The Amaz­ing Things that Hear­ing Can Do

ZOOMER Magazine - - LIVING - For all these rea­sons and more, hear­ing is one of the most im­por­tant ways we gather in­for­ma­tion that com­pletes our pic­ture of the world. If you’ve been miss­ing a few pieces of that pic­ture due to a sus­pected hear­ing loss, please call 1-888-522-5976 to bo

Sound is ev­ery­where, all of the time. Al­most when­ever any­thing moves, it makes a sound. The slight­est brush, scrape or tap makes a tiny vi­bra­tion that be­comes a small noise, and ev­ery sound car­ries in­for­ma­tion about the world. Af­ter mil­lions of years of evo­lu­tion, our ears have be­come amaz­ing tools that bring the world to life. Here’s how.

Hear­ing makes your world high-res­o­lu­tion

Like a sound­track can trans­form a movie, your ears add rich de­tails that make life mean­ing­ful. They add de­tails such as if there are birds fly­ing above you, a beach up ahead, or wind blow­ing in the trees. Hear­ing can tell you if a room has a sense of at­mos­phere, whether it’s fur­nished or empty, if it is rain­ing on the win­dow, or if there are flames crack­ling in the fire­place. With good hear­ing, you know thou­sands of small de­tails like these with­out look­ing. You sim­ply be­come aware as your hear­ing works in har­mony with all of your other senses to en­rich your com­plete pic­ture of the world.

We have built hear­ing into civ­i­liza­tion

Be­cause hear­ing has al­ways been im­por­tant to us, we’ve built our world around it. Bells mark the pas­sage of time. Pub­lic ad­dress sys­tems give you im­por­tant in­for­ma­tion while you’re walk­ing through a train sta­tion. Nav­i­ga­tion apps give ver­bal com­mands so you can fol­low di­rec­tions with­out look­ing down. In­creas­ingly, we use elec­tronic beeps to tell you things, such as if your food is ready, your com­puter is start­ing up, or your seat­belt is un­done. Our ears help us keep things in or­der too. Squeaks tell us that some­thing needs lu­bri­ca­tion. Knock­ing sounds tell us that things need main­te­nance. Rat­tles tell us that some­thing is loose. With­out these sim­ple clues and sig­nals, life be­comes a lit­tle less sim­ple. And what’s more, sound works just as well in the day­time as in the dark.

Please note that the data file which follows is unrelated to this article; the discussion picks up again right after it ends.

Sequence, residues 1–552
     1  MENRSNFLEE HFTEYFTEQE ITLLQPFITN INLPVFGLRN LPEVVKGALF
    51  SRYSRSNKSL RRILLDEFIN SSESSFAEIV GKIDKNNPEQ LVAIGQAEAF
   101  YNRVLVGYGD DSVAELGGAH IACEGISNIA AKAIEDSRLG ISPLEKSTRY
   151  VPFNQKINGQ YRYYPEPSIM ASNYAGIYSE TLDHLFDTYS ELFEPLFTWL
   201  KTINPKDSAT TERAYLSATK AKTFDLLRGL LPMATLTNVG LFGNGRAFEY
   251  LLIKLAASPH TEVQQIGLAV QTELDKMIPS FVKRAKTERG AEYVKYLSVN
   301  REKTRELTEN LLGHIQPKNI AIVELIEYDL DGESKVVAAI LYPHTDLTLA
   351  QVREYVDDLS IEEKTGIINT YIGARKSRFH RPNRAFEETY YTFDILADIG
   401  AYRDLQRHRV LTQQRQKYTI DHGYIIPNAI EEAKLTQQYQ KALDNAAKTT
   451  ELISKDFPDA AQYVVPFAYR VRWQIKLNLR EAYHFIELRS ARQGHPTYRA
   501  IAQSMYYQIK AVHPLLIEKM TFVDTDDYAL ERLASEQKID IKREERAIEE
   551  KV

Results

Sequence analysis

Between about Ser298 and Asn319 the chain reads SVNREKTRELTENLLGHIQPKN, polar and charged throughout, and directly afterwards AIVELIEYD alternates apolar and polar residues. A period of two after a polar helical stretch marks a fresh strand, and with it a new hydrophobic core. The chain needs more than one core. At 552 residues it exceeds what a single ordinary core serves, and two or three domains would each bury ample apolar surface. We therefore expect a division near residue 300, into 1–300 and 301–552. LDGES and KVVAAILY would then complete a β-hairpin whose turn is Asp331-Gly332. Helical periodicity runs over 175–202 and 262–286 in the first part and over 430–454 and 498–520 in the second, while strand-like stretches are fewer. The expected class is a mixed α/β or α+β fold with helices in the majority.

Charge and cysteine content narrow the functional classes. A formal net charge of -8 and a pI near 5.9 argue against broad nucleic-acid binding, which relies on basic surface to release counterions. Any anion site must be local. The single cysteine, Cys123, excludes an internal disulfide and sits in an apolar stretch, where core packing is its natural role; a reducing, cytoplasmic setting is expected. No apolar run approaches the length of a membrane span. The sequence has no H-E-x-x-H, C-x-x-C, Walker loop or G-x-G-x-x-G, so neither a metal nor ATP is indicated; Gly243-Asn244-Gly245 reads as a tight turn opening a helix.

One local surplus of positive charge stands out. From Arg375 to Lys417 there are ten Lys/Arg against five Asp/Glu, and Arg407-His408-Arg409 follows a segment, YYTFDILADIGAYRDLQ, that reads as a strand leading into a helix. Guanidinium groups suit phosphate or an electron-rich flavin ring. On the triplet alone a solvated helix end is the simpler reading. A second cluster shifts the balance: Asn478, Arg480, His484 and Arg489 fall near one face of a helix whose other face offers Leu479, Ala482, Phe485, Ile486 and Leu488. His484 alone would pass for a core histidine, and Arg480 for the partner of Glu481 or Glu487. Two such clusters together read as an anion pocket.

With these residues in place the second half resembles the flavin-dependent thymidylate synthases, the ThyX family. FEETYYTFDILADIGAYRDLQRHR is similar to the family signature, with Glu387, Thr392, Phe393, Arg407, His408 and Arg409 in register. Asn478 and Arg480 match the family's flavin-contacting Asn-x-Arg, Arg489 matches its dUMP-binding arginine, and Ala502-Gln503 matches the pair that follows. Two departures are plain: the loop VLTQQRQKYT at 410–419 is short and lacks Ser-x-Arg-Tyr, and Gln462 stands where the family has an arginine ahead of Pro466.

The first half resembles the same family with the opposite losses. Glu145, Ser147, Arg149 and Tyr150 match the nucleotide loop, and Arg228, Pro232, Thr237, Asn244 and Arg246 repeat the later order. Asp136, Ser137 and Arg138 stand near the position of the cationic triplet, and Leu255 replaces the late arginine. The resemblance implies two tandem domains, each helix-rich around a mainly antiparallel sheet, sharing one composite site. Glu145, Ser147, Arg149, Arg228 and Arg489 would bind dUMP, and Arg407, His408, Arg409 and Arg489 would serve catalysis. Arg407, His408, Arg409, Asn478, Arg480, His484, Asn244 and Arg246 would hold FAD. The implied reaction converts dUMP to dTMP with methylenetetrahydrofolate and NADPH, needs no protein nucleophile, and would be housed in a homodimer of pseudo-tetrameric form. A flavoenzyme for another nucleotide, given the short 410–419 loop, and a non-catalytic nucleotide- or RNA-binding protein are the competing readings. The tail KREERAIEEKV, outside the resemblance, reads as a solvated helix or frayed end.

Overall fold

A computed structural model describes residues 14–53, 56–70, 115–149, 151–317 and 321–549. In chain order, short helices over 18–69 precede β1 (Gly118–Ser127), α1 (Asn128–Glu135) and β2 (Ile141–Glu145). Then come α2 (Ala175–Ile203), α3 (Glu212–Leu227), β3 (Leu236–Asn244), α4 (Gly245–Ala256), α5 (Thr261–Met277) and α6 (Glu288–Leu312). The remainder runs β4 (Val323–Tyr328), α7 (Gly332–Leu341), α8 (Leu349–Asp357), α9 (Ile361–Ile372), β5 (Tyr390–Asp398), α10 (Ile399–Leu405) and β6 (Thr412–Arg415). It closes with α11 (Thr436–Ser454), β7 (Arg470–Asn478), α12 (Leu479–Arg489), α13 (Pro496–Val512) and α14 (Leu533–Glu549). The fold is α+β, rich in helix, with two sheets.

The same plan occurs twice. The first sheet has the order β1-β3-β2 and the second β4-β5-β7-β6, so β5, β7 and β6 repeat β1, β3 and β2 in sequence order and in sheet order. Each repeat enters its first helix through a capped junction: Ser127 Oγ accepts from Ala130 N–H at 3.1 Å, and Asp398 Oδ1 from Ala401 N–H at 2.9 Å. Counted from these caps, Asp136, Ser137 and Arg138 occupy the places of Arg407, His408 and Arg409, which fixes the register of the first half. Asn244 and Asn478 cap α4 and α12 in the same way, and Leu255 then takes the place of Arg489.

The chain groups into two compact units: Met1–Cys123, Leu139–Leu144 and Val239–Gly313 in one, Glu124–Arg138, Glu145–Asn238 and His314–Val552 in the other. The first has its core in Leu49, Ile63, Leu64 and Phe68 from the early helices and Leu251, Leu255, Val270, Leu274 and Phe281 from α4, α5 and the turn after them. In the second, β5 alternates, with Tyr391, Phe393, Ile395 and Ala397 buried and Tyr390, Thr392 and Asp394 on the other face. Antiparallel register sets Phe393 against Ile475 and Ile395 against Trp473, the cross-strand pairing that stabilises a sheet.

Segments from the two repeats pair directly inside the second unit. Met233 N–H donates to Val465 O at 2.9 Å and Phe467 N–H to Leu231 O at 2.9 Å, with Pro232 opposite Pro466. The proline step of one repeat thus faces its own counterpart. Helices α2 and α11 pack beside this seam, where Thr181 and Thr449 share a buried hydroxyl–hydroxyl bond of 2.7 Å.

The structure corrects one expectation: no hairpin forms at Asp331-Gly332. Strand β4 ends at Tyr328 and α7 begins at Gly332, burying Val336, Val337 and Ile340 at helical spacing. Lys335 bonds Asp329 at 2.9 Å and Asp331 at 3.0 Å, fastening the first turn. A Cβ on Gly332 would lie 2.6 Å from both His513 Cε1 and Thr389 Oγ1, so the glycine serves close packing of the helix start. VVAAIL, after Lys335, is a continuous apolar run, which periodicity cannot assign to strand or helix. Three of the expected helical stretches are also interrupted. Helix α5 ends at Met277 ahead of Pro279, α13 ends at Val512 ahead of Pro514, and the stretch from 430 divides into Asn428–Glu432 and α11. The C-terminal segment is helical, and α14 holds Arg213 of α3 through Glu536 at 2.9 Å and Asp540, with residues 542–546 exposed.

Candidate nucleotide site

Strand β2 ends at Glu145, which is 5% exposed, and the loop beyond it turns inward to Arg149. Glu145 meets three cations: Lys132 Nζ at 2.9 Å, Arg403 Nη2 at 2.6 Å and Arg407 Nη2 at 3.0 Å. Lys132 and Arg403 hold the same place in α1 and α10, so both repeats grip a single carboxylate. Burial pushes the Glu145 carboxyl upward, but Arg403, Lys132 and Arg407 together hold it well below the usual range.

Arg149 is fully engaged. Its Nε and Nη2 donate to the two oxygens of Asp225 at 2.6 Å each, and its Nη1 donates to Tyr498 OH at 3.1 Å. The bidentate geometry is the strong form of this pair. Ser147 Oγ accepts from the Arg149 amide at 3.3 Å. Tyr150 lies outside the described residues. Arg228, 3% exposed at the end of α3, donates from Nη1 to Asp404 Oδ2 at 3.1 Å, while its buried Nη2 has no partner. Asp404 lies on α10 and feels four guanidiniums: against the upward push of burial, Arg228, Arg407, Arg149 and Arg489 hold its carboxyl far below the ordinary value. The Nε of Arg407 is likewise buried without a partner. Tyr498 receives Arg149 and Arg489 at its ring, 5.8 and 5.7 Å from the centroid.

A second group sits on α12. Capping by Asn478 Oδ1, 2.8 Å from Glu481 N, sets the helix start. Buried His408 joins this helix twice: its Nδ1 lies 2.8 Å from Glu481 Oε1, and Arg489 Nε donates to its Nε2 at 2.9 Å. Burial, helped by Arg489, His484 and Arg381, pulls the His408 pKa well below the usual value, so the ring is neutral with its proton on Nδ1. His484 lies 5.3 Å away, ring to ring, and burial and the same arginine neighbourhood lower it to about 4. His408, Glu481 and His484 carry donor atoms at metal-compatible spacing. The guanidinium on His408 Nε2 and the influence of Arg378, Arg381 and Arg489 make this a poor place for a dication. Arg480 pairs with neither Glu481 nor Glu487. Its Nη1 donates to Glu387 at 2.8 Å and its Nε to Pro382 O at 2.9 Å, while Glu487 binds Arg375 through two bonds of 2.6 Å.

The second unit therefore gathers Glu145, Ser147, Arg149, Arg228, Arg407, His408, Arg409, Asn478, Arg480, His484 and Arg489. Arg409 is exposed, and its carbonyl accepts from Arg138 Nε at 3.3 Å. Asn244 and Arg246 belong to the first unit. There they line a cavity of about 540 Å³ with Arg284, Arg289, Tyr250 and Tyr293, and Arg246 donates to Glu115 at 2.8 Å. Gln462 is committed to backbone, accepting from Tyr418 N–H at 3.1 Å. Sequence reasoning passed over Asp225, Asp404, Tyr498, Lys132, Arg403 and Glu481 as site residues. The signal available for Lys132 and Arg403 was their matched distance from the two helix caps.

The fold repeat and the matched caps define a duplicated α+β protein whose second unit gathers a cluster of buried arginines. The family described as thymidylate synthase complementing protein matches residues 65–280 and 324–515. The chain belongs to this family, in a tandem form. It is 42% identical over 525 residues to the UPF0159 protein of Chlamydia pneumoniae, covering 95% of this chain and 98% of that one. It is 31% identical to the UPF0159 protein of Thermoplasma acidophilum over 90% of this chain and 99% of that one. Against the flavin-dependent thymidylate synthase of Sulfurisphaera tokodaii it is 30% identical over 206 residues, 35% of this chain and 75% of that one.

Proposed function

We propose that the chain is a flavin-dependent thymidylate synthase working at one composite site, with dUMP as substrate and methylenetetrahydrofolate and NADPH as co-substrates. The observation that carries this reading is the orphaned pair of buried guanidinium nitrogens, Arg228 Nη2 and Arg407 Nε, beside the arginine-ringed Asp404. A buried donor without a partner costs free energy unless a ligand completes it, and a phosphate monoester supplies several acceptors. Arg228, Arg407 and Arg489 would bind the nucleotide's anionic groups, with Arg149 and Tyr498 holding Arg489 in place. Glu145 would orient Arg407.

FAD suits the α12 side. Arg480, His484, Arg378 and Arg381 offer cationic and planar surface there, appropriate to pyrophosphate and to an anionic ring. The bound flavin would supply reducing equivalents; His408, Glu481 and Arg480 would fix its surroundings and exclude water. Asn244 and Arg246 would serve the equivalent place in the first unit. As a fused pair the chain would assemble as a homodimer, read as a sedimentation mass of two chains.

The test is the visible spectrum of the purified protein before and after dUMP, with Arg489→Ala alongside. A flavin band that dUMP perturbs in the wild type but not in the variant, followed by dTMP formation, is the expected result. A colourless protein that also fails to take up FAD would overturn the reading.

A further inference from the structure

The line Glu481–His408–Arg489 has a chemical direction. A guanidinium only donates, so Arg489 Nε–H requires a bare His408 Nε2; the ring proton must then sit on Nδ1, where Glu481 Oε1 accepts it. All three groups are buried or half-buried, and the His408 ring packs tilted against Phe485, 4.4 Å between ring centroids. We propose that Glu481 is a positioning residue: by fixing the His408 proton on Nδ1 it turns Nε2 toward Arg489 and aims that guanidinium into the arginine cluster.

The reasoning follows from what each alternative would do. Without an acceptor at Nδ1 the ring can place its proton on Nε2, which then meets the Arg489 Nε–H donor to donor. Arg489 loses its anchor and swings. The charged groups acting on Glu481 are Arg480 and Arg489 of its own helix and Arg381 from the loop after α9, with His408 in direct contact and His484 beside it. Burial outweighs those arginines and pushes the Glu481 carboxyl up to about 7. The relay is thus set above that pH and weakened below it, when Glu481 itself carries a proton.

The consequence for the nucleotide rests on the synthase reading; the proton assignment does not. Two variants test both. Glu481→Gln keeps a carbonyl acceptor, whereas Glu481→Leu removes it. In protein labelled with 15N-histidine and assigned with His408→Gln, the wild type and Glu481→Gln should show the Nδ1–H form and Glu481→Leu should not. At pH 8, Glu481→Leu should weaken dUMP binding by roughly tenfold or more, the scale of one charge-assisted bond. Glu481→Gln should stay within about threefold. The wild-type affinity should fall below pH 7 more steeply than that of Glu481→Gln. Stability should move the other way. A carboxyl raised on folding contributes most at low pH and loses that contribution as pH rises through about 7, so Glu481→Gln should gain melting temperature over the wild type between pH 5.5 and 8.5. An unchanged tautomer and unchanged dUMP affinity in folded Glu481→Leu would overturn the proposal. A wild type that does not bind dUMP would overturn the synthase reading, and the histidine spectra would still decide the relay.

Hear­ing gives you vi­tal in­for­ma­tion

Through our ears, we get ad­vance warn­ing of things we can’t see, so they ar­rive as less of a shock – whether it’s a ter­ri­to­rial dog barking as you walk past, or a fam­ily mem­ber en­ter­ing the room be­hind you. In this way, hear­ing con­trib­utes sig­nif­i­cantly to your men­tal map of the world. It helps you to ori­en­tate your­self in it: to know where things are, how they’re mov­ing, and whether they are rel­e­vant for your at­ten­tion.

Sounds help us re­late to other peo­ple

Of the bil­lions of peo­ple in the world, our ears can rec­og­nize the voice of a sin­gle per­son. What’s more, our hear­ing can tell us their mood. If they’re happy, tired, or un­well, we can hear it in their voice. The tone of some­one’s voice is very im­por­tant too. The same words can mean com­pletely dif­fer­ent things de­pend­ing on the speed and ris­ing or fall­ing in­to­na­tion. The way peo­ple say words can make the dif­fer­ence be­tween some­thing be­ing a joke and a state­ment. Be­ing able to hear sub­tle dif­fer­ences is thus crit­i­cal for ef­fec­tive com­mu­ni­ca­tion.

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